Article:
gms | German Medical Science

10. Kongress für Infektionskrankheiten und Tropenmedizin (KIT 2010)

Deutsche Gesellschaft für Infektiologie,
Deutsche AIDS-Gesellschaft,
Deutsche Gesellschaft für Tropenmedizin und Internationale Gesundheit,
Paul-Ehrlich-Gesellschaft für Chemotherapie

23.06. - 26.06.2010, Köln

The structure of the cell wall polysaccharide of Enterococcus faecalis is critical for evasion of complement deposition by the lectin pathway

Die Struktur des Zellwandpolysacchrids von Enterococcus faecalis vermittelt die Resistenz gegen Komplementaktivierung durch den Lektin-Weg

Meeting Abstract

  • C. Theilacker - University Hospital Freiburg, Center for Infectious Diseases & Travel Medicine, and IFB-Center for Chronic Immunodeficiency, Freiburg, Germany
  • S. Geiss - University Hospital Freiburg, Center for Infectious Diseases & Travel Medicine, and IFB-Center for Chronic Immunodeficiency, Freiburg, Germany
  • J. Hübner - University Hospital Freiburg, Center for Infectious Diseases & Travel Medicine, and IFB-Center for Chronic Immunodeficiency, Freiburg, Germany
  • J.A. van Strijp - University Medical Center Utrecht, Department of Medical Microbiology, Utrecht, Netherlands
  • S. Rooijakkers - University Medical Center Utrecht, Department of Medical Microbiology, Utrecht, Netherlands

10. Kongress für Infektionskrankheiten und Tropenmedizin (KIT 2010). Köln, 23.-26.06.2010. Düsseldorf: German Medical Science GMS Publishing House; 2010. DocP4

DOI: 10.3205/10kit060, URN: urn:nbn:de:0183-10kit0607

Published: June 2, 2010

© 2010 Theilacker et al.
This is an Open Access article distributed under the terms of the Creative Commons Attribution License (http://creativecommons.org/licenses/by-nc-nd/3.0/deed.en). You are free: to Share – to copy, distribute and transmit the work, provided the original author and source are credited.


Outline

Text

Introduction: Enterococcus faecalis is a Gram-positive pathogen that may cause invasive infections in immunocompromised patients. E. faecalis is resistant to serum but the molecular mechanism underlying complement evasion is not known. We have generated an insertion mutant of the putative glycosyltransferase EF1172 in E. faecalis strain V583 that expresses a structurally altered cell-wall polysaccharide (see companion abstract by Geiss et al. “Role of enterococcal cell wall polysaccharide structure in resistance to killing by neutrophils“). The mechanism of increased complement susceptibility in the mutant strain was investigated.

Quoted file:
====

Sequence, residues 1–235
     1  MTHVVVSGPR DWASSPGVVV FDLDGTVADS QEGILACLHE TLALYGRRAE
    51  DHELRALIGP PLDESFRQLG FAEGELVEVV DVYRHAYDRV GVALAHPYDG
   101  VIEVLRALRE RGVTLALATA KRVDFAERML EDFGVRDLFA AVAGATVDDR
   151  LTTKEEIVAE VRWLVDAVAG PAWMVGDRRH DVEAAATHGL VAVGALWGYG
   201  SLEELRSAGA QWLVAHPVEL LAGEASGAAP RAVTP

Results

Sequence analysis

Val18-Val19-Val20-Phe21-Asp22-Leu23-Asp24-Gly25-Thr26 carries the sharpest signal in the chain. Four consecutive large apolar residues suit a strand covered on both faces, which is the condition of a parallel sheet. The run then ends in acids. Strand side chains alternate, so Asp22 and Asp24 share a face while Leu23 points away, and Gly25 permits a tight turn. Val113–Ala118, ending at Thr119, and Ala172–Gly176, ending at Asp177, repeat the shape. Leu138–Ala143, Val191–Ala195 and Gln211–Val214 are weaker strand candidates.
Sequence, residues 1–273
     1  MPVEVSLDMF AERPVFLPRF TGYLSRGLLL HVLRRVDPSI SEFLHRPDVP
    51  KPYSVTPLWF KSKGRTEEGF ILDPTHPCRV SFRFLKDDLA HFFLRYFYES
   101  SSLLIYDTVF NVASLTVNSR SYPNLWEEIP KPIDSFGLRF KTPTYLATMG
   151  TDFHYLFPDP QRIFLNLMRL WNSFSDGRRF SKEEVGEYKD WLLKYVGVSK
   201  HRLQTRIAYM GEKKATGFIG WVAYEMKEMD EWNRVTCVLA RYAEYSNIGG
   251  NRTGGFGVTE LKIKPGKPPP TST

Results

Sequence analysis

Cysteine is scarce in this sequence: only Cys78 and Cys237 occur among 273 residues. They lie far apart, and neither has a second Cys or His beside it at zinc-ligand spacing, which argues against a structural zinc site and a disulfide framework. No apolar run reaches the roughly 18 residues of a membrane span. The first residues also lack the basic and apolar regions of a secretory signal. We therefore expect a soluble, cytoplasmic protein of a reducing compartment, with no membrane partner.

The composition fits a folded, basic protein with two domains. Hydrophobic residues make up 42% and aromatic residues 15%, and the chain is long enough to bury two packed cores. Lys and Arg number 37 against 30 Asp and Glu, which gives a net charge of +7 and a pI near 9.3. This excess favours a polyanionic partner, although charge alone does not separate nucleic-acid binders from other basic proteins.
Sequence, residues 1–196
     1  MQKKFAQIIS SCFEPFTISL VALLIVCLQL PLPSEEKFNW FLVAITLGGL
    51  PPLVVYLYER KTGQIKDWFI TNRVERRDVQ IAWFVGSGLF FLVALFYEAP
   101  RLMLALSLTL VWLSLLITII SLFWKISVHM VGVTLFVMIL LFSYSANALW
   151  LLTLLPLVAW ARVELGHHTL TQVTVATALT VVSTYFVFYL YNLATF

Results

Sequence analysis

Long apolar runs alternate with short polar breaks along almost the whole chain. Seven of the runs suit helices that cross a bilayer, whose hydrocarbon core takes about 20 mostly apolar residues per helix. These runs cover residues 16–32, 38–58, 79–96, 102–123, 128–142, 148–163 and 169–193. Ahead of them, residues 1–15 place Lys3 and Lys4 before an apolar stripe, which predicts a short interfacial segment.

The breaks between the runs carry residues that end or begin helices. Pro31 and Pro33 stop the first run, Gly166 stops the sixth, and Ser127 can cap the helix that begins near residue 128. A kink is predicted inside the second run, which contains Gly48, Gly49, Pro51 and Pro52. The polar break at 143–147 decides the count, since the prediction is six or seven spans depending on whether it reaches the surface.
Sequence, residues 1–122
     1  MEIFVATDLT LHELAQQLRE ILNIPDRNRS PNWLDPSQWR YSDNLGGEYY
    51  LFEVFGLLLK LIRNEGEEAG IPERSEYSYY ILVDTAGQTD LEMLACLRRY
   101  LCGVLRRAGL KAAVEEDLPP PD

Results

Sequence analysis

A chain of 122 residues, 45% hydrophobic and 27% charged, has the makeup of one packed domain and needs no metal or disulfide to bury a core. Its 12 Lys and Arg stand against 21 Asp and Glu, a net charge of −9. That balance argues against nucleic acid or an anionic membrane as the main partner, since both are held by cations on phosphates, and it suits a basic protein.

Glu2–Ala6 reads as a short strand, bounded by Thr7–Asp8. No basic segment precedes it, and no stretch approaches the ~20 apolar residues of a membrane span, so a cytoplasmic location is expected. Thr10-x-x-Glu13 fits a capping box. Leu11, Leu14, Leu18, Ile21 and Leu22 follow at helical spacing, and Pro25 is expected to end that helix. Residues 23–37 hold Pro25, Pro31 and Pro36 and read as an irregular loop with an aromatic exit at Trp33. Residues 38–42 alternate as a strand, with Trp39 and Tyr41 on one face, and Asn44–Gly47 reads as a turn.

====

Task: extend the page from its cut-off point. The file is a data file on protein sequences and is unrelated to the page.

Methods: Complement deposition and phagocytosis was quantified by FACS. Killing of enterococci in the presence of serum and PMNs was measured using an opsonophagocytic killing assay. Human pooled serum was preabsorbed with live wild-type E. faecalis V583 for all assays.

Results: Incubation of E. faecalis V583Δ1172 with 1.5% serum and PMNs for 90 min reduced the number of viable bacteria by >2 logs, while wild type bacteria were resistant to killing under these experimental conditions. After 15 min incubation of live bacteria preopsonized with 0,6 - 5% human pooled serum (HPS), PMNs phagocytosed fivefold more E. faecalis V583Δ1172 than wild type bacteria. Also, significantly more C3b was deposited on V583Δ1172 compared to the wild type strain. Chelation of Ca++ as a cofactor of the classical and lectin pathway reduced C3b deposition on V583Δ1172 below wild type levels while significantly more C3b was deposited on V583Δ1172 by serum depleted of complement factor C1q, indicating that classical and alternative pathway of complement activation are not involved in the reduced complement resistance the mutant strain. Furthermore, V583Δ1172 incubation with HPS lead to more binding of C4b – a component of the C3 convertase generated by the classical and lectin pathway – than wild type cells. The role of the lectin pathway in increased susceptibility to complement was confirmed by elevated levels of mannose binding lectin-associated serum protease 2 (MASP-2) bound to the mutant strain.

Conclusion: The structure of the wall polysaccharide of E. faecalis is critical to resistance to complement activation by the lectin pathway. Further studies need to address the molecular interaction between lectins and the cell wall polysaccharide.